It's already missed the originally expected launch date of last summer, and now anonymous sources who spoke with Bloomberg said the service likely won't launch until sometime in spring of 2018.
Even that date may change, though, as Verizon is still embroiled in the painful negotiations over rights and compensation that happen behind the scenes of every one of these services.
The sources involved say the "delays in the project have created the impression of a strategic drift."
Each new delay sets Verizon further back. Even so, the report notes that the continued delays haven't kept Verizon CEO Lowell McAdam from believing that it's "absolutely critical" for Verizon to own its own streaming platform in the increasingly "crowded field" of internet-based TV.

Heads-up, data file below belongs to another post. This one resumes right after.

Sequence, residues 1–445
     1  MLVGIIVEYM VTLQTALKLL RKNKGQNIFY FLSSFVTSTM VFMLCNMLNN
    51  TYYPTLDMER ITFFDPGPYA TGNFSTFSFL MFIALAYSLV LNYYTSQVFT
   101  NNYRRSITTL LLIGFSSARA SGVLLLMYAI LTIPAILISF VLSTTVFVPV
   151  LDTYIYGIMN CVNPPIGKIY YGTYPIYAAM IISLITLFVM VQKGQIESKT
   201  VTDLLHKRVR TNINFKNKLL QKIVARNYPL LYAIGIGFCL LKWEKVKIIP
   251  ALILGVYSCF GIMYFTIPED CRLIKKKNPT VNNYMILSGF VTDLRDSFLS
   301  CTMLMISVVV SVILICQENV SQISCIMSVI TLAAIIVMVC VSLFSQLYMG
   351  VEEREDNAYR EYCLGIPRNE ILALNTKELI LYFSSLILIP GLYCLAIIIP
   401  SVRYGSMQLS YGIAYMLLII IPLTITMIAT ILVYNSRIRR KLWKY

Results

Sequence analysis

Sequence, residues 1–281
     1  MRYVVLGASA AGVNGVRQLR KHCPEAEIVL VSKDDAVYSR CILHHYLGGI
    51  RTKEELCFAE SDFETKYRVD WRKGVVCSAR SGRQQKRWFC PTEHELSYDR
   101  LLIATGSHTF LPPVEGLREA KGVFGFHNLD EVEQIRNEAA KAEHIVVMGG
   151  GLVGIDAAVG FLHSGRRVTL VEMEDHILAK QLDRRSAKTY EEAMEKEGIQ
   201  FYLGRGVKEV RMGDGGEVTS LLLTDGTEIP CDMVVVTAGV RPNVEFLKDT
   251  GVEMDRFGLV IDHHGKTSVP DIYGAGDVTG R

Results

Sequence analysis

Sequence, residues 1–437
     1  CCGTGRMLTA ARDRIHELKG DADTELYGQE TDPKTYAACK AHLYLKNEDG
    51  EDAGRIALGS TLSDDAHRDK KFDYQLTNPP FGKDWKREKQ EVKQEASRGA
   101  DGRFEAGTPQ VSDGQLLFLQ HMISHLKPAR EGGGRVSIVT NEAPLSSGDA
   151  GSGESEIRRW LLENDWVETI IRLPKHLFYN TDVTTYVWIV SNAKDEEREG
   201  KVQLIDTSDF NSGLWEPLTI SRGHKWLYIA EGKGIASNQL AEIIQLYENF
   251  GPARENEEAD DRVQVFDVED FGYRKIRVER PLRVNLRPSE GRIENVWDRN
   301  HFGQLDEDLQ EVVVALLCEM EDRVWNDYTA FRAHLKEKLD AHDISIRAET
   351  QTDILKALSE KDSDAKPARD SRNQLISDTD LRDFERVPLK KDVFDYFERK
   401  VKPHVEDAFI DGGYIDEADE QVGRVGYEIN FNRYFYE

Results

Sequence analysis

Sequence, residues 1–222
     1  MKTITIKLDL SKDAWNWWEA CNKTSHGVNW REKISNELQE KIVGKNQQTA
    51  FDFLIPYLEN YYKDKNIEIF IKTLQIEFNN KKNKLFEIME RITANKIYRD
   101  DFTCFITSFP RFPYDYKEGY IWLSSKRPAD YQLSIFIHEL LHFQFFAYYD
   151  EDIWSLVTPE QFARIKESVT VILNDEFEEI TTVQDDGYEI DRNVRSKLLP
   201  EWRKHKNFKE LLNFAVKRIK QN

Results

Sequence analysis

Verizon hasn't had much luck with this kind of thing in general. Consider its YouTube competitor Go90. The millennial-focused service never managed to gain a strong following, leading to the layoff of 155 employees only a little more than a year after Verizon first announced it.
Adding to the worries, as Variety reported, last month Verizon announced that Marni Walden, its media chief, would be stepping down in February of next year.